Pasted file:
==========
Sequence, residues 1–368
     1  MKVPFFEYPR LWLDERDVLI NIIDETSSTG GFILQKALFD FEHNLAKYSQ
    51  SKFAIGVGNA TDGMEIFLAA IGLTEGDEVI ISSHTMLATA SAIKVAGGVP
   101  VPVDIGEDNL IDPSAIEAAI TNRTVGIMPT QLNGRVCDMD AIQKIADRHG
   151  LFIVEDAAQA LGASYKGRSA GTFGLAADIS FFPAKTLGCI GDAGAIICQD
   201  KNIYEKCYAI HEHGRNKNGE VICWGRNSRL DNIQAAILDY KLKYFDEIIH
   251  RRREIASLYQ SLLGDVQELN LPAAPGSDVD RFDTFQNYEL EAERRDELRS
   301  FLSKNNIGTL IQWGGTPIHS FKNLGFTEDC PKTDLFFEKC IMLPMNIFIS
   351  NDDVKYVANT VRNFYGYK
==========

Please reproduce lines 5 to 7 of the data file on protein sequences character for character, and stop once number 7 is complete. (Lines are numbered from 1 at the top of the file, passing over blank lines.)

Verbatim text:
   151  LFIVEDAAQA LGASYKGRSA GTFGLAADIS FFPAKTLGCI GDAGAIICQD
   201  KNIYEKCYAI HEHGRNKNGE VICWGRNSRL DNIQAAILDY KLKYFDEIIH
   251  RRREIASLYQ SLLGDVQELN LPAAPGSDVD RFDTFQNYEL EAERRDELRS